By Werner Antweiler, The Globe And Mail, Thursday 16 May 2013
Tuesday’s resounding election win by the B.C. Liberals has caught most people by surprise as polls, pundits and prediction markets were all forecasting a large win by the NDP. How could they all have been so wrong?
Traders in a prediction market aggregate news and information from a variety of sources, but misleading polls led them down the same path as the public. Only the few contrarian minds in UBC’s prediction markets foresaw the B.C. Liberals’ win – and made a more than handsome profit.
The prediction markets for the B.C. election had low participation compared to past campaigns. Without sufficient numbers of participants and liquidity, prediction markets fail to do their magic “crowd sourcing.”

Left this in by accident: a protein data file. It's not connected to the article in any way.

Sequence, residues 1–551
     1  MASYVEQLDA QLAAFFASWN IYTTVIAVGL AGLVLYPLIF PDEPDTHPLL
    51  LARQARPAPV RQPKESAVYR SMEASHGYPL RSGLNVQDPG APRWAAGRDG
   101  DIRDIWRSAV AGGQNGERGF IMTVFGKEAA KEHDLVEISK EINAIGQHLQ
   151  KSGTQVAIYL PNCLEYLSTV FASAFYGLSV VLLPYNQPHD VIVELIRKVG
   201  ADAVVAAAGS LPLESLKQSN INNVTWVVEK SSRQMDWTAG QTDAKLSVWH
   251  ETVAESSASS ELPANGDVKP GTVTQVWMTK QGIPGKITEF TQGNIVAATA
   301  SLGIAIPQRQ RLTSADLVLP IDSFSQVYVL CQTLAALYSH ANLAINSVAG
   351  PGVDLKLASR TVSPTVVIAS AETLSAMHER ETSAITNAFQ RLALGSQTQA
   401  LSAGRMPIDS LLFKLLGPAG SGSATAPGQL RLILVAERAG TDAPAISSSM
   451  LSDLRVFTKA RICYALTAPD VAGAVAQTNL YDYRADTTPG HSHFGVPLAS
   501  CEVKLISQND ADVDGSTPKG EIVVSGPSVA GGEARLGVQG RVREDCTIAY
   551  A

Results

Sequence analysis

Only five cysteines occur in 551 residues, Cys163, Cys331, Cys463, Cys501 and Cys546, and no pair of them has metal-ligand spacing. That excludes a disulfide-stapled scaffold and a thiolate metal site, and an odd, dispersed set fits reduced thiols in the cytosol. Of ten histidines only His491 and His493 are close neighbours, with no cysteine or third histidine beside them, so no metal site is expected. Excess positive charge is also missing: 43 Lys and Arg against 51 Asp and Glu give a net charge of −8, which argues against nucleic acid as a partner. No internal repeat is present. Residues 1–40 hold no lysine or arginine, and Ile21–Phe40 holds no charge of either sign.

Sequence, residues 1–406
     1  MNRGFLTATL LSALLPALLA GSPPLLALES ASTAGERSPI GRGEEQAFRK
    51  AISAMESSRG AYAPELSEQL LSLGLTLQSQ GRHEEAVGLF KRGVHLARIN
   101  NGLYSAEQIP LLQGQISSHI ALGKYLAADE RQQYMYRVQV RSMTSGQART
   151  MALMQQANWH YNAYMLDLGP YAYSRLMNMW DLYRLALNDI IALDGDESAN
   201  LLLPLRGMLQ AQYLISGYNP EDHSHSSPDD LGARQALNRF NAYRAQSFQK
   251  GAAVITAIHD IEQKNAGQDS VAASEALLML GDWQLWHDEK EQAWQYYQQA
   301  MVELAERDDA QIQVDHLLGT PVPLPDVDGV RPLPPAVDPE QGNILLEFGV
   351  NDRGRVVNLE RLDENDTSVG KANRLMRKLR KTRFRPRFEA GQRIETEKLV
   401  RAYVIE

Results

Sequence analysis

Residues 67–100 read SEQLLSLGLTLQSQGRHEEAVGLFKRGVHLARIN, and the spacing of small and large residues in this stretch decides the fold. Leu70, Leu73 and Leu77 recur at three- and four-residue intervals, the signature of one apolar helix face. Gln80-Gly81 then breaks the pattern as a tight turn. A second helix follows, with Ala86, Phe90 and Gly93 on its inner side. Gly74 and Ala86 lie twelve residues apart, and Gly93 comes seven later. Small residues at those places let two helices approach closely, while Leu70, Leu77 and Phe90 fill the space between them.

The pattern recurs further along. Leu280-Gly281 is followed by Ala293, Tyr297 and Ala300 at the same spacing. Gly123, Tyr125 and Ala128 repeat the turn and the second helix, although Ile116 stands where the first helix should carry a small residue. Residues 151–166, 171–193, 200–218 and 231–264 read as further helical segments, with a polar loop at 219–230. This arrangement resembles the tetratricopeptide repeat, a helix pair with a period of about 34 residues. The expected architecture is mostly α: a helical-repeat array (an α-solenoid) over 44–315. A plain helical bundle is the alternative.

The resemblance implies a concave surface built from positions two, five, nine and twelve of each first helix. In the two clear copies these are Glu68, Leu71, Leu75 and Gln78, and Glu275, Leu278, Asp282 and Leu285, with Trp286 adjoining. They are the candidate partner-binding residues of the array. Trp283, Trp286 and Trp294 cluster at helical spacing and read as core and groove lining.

Prediction markets have an advantage, though. If polls continue to have an anti-incumbency bias, traders will take this into consideration and adjust their positions. If polls influence the outcome, traders will be aware of this possibility from now on. Prediction markets have the potential to outperform polls through traders’ ability to learn and adapt and correct for the biases inherent in polls.